Cataracts affect more than 22 million Americans over the age of 40, and are a leading cause of blindness, worldwide. A new portable device for cataract removal is speeding recovery time and may make the procedure available to patients in countries where there have been very few treatment options.
Beverly Mims’ vision problems started in her fifties and got progressively worse.
“When I started to read I’d have to hold the paper up above,” Mims said.
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Magazine print that once was clear, was just a blur. Mims had cataracts, a clouding of the lens of the eye. Traditionally, doctors have used a laser probe to break up the cataract.
“It’s almost like having a stone in your eye and breaking that up sometimes requires a lot of energy. That energy is not good for the eye,” said Sean Ianchulev, MD, MPH, Director of the Ophthalmic Innovation and Technology Program at New York Eye and Ear Infirmary of Mount Sinai.
Harvard-trained Dr. Ianchulev helped develop a new device to more easily remove the cloudy lens. It’s called MiLoop.
He explained, “It’s a microthin filament that is actually memory shaped. You can unfold it and go through a two-millimeter incision. When you retract the button, you actually cut the cataract immediately.”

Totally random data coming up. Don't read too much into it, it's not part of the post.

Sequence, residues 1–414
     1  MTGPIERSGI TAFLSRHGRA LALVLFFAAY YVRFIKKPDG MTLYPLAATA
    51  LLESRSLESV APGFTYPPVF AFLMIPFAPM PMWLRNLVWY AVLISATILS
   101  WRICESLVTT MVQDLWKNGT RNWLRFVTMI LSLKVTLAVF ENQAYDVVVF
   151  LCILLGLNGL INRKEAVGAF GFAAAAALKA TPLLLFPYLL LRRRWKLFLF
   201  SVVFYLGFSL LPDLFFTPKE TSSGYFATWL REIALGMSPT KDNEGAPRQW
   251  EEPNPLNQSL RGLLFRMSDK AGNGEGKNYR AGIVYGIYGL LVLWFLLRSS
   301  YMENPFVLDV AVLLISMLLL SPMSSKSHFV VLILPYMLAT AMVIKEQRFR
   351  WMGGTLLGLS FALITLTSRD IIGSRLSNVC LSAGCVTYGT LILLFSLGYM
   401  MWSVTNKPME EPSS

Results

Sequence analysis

For Mims, the removal was so quick, the procedure was over before she realized the doctor had started.
“I called my husband and said he’s finished. My husband said ‘finished? Did he cancel? What did you do?’ I said I didn’t do anything. He’s finished,” Mims said.
Because the device is portable and doesn’t require heat or vibration. Dr. Ianchulev used it on recent humanitarian trips to Panama and Ethiopia. Restoring vision to patients around the world …
And here at home.
Mims had her left eye done first and is scheduled to have a cataract removed from the right. She had clear vision almost immediately after the procedure.
Contributors to this news report include: Cyndy McGrath, Field and Supervising Producer; Kirk Manson, Videographer; Hayley Hudson, Assistant Producer; Robert Walko, Editor.